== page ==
As the holiday season moves swiftly towards us, a balance in life can become more difficult to manage. Though the season is cheery and full of celebration and memories, it can also become overwhelmingly busy in many aspects. Not entirely limited to the holiday season, workplace and job stress is one of the biggest problems in a person’s day-to-day life.
Having some stress in your life is normal; however, excessive stress affects productivity, physical health, and mental health. Stress itself (along with other emotions) is contagious; it affects your success and your interactions with others around you. Thus, stress can subconsciously transfer to colleagues and those around you, creating a bit of a snowball effect.
Though stress can stall productivity and negatively affect your mental health, it can also have a worrisome affect on your physical wellbeing. Being overly stressed causes a jump in the stress hormone, cortisol. Cortisol can be dangerous in excess as it causes that fight or flight response to stay turned on. Normally, our body’s levels go back to normal once that response has subsided; however, in cases of excessive stress, the hormone levels in our body are constantly elevated and disrupting.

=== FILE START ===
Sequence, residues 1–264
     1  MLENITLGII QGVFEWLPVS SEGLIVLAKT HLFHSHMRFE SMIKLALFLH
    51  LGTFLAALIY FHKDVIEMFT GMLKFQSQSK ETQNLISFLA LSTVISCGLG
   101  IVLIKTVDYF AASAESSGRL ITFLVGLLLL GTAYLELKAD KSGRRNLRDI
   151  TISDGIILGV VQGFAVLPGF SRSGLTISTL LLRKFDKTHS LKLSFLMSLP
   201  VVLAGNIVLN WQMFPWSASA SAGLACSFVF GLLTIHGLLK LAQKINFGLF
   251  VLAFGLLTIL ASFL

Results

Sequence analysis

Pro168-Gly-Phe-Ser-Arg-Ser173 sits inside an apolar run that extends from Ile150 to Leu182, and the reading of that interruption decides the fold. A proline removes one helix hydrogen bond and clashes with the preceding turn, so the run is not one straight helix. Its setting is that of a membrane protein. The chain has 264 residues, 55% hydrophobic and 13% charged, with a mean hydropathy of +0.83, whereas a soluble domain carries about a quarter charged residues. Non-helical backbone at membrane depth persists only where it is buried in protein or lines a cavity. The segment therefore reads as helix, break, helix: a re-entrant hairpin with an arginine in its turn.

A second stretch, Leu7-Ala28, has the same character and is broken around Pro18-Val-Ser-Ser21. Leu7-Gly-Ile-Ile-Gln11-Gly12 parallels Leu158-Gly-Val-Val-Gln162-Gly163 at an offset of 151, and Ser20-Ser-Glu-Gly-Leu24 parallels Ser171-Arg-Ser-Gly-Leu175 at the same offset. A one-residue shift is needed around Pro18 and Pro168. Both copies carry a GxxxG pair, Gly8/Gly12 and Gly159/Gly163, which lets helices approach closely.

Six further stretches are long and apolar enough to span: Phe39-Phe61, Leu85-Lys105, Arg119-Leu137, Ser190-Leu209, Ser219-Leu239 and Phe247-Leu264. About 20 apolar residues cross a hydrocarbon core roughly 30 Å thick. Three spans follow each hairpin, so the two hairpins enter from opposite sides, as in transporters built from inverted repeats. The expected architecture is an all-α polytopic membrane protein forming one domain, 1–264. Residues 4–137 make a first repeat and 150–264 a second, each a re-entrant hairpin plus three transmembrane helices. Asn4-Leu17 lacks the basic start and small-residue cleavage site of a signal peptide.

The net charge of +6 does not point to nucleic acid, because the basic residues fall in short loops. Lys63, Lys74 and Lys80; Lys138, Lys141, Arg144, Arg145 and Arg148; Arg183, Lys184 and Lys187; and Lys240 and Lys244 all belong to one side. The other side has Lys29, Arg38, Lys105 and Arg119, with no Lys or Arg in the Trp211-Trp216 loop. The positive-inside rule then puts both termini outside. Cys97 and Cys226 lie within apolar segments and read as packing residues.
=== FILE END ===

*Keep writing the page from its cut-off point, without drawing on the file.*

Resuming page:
Being in a long-term ‘fight or flight’ situation (like chronic workplace stress) causes health problems like anxiety, depression, digestive issues, sleep problems, weight gain, heart disease, high blood pressure, and memory and concentration impairments.
Not to worry, though. Excessive stress in the workplace can be managed and kept under control by following a few simple tips:
- Recognize warning symptoms: anxiety, feeling depressed, apathy, fatigue or problems sleeping, concentration issues, and more.
- Time management: set realistic goals and make a priority list.
- Keep perspective: take a break, have an outlet, and remember to take care of yourself.
- Practice relaxation techniques: yoga, tai chi, meditation, or whatever usually works to relax you.
- Eat well, exercise, limit alcohol, and keep up on a regular sleep schedule.
What other tips help you decrease your stress levels at work?
Written by: Kristin Coppens. This article was done in conjunction with a partnership with BCBSM’s A Healthier Michigan.